I am a historian of Early Modern Europe, with a particular interest in the Holy Roman Empire and the lands ruled by members of the Habsburg Dynasty, both inside the Empire and elsewhere around Europe and the world. My primary chronological period of research concentration is between approximately 1550 and 1650.
Additional research interests include the roles of Habsburg women and their courts in early modern Europe, as well as early modern empire and urban studies. I have experience directing a program in Public History and am also interested in museum studies.
My current research project centers on the imagined and experienced landscapes of the Holy Roman Empire in the 1560's and 1570's.
Potential graduate students wishing to work with me in one of the above or related fields are encouraged to contact me well in advance of the admission application deadline.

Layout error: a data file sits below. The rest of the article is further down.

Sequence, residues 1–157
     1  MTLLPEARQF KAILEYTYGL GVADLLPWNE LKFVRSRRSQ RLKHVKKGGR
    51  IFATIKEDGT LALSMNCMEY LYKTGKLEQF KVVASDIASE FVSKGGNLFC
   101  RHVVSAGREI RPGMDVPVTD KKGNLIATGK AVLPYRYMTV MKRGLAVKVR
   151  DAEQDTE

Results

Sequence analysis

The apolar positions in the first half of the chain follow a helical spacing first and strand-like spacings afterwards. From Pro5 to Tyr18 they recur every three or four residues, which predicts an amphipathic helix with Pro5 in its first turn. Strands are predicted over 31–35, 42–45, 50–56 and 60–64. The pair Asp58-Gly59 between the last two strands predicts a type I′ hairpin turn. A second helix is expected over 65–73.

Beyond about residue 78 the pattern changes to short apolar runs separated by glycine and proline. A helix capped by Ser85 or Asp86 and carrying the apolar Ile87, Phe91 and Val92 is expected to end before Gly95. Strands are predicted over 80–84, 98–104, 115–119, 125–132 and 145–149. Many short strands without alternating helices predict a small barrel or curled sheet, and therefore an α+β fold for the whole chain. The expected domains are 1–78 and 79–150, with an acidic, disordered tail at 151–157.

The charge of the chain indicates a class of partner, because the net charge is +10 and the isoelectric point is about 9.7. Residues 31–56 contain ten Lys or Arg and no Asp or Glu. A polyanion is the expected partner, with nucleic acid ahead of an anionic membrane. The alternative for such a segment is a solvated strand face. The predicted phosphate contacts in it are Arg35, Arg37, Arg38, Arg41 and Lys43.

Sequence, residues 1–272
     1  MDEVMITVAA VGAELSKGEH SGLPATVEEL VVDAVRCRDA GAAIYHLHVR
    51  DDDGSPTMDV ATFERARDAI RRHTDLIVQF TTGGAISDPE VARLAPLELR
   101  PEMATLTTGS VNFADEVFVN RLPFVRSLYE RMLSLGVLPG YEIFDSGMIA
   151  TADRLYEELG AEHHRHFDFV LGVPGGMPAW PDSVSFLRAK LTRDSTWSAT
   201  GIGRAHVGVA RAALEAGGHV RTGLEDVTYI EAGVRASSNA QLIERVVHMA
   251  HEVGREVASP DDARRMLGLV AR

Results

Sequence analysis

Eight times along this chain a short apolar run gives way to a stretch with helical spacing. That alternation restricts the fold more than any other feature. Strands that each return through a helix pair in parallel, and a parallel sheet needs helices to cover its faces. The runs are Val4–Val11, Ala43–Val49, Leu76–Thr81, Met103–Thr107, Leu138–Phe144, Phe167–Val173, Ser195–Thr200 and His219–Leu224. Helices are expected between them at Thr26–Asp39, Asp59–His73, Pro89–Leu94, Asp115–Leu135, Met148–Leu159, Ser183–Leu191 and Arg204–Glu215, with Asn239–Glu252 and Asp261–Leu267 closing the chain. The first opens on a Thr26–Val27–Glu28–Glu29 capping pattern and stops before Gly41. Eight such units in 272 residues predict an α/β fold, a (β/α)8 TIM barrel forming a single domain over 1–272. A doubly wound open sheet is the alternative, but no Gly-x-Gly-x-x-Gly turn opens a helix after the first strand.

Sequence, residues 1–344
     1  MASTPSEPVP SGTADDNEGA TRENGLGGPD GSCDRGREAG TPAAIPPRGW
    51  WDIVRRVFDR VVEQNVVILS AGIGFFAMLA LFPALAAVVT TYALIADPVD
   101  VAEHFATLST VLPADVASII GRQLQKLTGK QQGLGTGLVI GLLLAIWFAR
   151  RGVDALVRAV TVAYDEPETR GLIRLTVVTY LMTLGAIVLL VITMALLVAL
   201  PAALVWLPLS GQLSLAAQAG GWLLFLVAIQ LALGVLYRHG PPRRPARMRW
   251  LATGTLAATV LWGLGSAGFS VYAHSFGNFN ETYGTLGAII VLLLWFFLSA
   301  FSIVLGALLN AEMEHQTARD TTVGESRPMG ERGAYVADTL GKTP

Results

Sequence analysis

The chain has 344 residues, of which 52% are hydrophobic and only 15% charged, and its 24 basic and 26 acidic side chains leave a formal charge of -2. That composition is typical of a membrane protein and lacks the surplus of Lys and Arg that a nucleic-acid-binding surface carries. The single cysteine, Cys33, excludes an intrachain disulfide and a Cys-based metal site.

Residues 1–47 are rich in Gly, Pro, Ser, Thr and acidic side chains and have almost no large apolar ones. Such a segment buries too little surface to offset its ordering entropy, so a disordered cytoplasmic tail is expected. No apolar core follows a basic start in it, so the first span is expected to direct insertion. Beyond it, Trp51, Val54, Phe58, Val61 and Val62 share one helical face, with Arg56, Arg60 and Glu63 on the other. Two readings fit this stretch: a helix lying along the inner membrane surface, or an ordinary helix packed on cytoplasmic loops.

Recent book reviews:
Julia Hodapp, Habsburgerinnen und Konfessionalisierung im spaeten 16. Jahrhundert. Francia recensio 2019:4.
William B. Godsey, The Sinews of Habsburg Power: Lower Austria in a Fiscal-Military State, 1650-1820. German History 36 (2018) 633-34.
Bettina Braun, Katrin Keller, and Matthias Schnettger, editors, Nur die Frau des Kaisers? Kaiserinnen in der Frühen Neuzeit. Austrian History Yearbook 49 (2018) 291-92.
James D. Tracy, Balkan Wars: Habsburg Croatia, Ottoman Bosnia, and Venetian Dalmatia, 1499-1617. Journal of World History 29:1 (2018) 115-18.
"Oesterreich-Ungarn in Waffen": Curators' Tours of Photography Exhibit, Rutherford South Library, 10 January and February 26, 2020.
"Opera 101: Mozart's 'Marriage of Figaro," Edmonton Opera, 15 January, 2020.
Winter Term 2020:
HIST 310 "History of the Habsburg Monarchy".
Graduate Directed Study: "Modern Habsburg History"
Undergraduate Directed Study: "Czechs, Slovaks, and Poles in Canada in the BCATP during WWII"
Undergraduate Honours Directed Study: "German National Identity and Mozart's Abduction from the Seraglio"
The multinational empire of the Habsburgs from the unification of Austria, Bohemia and Hungary to the destruction of the empire in World War I.Winter Term 2021